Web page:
Although the surgery was a success, Bruno still had more to go through. Because of the abundant stress from his defect, his heart and lungs are weak. Bruno’s lungs are fragile and they need to maintain a stable pressure in order for him to survive.
It has been 5 days since Bruno’s operation and we are excited to tell you he is recovering wonderfully! Our team has been by his and his parent’s side, ensuring that he has the best care. When one of our volunteer nurses told Bruno’s parents their son was a miracle, his father turned to her and said, “He is a blessing”. This is why we are here. Although we can never guarantee miracles, we can try and we can always guarantee hope.
Lifetime with a Healthy Heart on the Horizon!
Ufuk is a Turkish name that means Horizon and Ufuk was part of ICHF’s inaugural medical mission to Macedonia and was the very fist arterial switch ever done in Macedonia. It was a complicated heart defect that required a difficult surgery that only ICHF’s Dr. Novick could perform. When the team left, Ufuk was still in the ICU with a wound infection but was recovering well and eating. He had his operation at 15 days of age, on March 28th by Dr Novick, and was 3.6kg at the time. He recently returned with his family from his hometown south of Skopje to see the next mission team and be evaluated. He came back to receive his ECHO by our Babyheart team and the local cardiologists. He is just over 6 months old, is a healthy 7.8kg and thriving and better than ever! Ufuk has a new life on the “horizon” with his new heart.
Frank Molly, ICHF ICU Coordinator and Clinical Educator, helped get us the news of Ufuk’s recovery.
Donation Already Saves Lives in Macedonia
Everyone knows the great work of Arkansas Children’s Hospital’s efforts to save lives at home but did you know they are active in saving lives abroad? By making a simple donation of equipment to the International Children’s Heart Foundation they are doing just that. Thanks to the collaboration of 2 biomedical engineers, Kevin Haralson, Director of Clinical Engineering /Biomed at ACH and Roy Morris, biomedical engineer for ICHF.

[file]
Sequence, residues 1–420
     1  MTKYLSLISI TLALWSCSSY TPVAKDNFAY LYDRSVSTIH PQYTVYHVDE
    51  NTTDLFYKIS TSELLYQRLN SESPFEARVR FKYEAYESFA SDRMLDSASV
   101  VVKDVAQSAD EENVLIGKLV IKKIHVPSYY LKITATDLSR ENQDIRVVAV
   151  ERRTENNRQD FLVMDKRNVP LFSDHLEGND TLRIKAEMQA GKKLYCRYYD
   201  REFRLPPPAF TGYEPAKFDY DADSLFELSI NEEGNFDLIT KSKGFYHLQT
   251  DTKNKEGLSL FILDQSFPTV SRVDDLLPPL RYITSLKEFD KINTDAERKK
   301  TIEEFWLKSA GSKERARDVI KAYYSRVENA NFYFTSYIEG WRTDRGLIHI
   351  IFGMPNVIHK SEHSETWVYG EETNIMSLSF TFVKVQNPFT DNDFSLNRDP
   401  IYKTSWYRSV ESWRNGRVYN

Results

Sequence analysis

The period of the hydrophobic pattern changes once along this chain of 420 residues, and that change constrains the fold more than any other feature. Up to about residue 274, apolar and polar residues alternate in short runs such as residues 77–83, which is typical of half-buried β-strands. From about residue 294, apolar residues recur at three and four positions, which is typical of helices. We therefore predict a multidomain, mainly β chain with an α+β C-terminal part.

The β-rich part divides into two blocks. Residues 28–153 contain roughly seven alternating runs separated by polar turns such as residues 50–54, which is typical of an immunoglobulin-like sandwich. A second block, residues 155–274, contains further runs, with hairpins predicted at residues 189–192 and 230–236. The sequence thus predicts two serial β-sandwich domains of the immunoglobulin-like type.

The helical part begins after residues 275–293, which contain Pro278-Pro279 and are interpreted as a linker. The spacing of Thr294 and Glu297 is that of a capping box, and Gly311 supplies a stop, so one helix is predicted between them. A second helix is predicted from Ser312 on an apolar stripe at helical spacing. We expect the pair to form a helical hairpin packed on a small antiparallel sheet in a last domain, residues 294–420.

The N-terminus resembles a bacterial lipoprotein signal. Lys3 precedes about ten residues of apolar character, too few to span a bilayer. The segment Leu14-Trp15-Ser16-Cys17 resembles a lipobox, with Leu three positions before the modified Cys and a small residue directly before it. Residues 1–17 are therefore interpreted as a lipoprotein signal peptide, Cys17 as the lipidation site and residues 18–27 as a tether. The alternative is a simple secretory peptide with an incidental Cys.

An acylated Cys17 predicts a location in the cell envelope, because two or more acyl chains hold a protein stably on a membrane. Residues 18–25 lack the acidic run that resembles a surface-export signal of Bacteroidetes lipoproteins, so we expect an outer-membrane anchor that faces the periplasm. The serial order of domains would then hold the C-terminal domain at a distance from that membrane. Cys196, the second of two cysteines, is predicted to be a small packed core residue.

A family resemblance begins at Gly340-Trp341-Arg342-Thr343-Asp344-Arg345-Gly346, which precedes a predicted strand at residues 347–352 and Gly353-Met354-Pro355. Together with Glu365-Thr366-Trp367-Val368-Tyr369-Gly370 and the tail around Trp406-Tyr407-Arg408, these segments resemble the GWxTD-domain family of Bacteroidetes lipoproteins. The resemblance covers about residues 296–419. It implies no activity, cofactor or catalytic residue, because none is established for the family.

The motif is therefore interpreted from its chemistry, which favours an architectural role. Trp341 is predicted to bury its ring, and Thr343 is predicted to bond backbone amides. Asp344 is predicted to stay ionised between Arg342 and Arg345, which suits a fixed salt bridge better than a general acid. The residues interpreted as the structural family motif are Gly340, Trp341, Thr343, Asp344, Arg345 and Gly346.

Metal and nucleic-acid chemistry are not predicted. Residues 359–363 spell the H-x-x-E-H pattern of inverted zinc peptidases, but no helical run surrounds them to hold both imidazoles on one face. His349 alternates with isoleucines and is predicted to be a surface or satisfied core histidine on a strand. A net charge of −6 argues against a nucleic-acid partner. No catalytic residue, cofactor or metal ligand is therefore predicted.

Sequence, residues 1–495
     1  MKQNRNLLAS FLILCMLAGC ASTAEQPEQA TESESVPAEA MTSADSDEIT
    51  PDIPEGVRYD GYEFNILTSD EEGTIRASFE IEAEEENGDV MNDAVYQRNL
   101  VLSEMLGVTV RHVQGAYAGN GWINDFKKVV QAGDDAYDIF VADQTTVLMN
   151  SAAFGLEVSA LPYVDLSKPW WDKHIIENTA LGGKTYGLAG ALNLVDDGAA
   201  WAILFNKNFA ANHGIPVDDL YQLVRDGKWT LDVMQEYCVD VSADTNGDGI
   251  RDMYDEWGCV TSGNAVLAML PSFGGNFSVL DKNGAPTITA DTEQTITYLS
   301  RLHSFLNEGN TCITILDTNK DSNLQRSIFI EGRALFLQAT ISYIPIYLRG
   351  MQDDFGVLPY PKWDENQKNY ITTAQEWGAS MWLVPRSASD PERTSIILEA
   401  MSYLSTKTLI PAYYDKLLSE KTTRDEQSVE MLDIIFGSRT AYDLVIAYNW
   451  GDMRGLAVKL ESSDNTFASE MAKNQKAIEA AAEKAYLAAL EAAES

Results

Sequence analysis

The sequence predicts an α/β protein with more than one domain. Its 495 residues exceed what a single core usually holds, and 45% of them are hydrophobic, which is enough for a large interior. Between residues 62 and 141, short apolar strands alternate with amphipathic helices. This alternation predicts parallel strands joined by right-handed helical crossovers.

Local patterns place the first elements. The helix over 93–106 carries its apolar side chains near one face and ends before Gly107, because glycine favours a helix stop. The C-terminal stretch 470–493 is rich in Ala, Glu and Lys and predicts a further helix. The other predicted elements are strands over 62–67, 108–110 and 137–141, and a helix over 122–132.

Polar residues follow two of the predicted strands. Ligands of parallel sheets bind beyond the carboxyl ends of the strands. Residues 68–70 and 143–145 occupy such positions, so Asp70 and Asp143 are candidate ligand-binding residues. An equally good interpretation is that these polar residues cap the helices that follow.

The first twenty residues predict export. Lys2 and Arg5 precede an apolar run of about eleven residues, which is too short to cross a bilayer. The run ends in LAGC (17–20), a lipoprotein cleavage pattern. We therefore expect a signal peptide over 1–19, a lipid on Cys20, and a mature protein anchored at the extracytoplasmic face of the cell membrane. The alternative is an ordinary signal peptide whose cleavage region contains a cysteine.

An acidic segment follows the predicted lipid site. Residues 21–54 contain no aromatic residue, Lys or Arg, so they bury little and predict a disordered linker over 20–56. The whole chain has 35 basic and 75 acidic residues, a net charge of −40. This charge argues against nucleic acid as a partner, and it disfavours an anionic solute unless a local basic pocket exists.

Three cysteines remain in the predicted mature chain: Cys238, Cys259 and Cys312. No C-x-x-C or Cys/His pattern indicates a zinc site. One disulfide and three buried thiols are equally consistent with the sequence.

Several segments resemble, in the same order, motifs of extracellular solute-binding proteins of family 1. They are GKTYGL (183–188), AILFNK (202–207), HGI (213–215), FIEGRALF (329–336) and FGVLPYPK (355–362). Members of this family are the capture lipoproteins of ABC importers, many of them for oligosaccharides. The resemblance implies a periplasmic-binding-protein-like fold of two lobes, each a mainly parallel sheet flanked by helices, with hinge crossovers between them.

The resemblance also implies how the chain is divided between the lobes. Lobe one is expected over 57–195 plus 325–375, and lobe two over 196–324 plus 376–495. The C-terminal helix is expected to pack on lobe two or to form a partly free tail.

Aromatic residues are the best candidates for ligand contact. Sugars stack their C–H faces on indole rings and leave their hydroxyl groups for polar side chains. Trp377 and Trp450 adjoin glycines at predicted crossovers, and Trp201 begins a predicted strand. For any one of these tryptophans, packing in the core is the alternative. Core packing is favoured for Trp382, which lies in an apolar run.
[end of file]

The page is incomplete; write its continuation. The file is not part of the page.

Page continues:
In order to provide the best technological care for their patients Kevin ordered a new heart-lung bypass machine for the hospital. He now had an older model on his hands that was still fully functional machine but had to be completely discarded. Kevin did not want to see it go to waste and he knew who to call, Roy Morris of ICHF. They both worked in the same field together in Little Rock when Roy was in the private sector. Now Roy works for Babyheart full time and has done an outstanding job of partnering with hospitals around the country to obtain equipment donations for medical missions. In this case he needed a heart lung bypass machine for a medical mission in the East European country of Macedonia. The function and purpose of this equipment is when an ICHF pediatric heart surgeon must stop the heart in order to operate on it. The child’s blood is then diverted and oxygenated via the heart lung bypass machine, operated by a perfusionist, thus keeping the child alive. These machines are expensive and very difficult to come by. Without this equipment the operations could not be performed. Children would have to remain on the waiting list for surgery and many young lives are put at risk, some will die. Then Arkansas Children’s Hospital came through with their donation and the mission could continue. Kevin Haralson facilitated the donation and ensured the equipment was in good working order. Then Roy got it shipped overseas to the operating room in a Skopje, Macedonia clinic, ready for surgery! The donated bypass machine was put to use by professional medical volunteer perfusionist, Swee Huang, and it has helped the mission in Macedonia already operate on, and save the lives of, over 30 children! According to Roy and Kevin, with proper maintenance this machine will last medical missions for at least another 5 years. With ICHF running 3 Babyheart missions per year, operating on 20 children per mission for another five years, this Arkansas Children’s Hospital donation will help save the lives of at least another 300 children!
Babyheart Team Gets to Work Before De-boarding Plane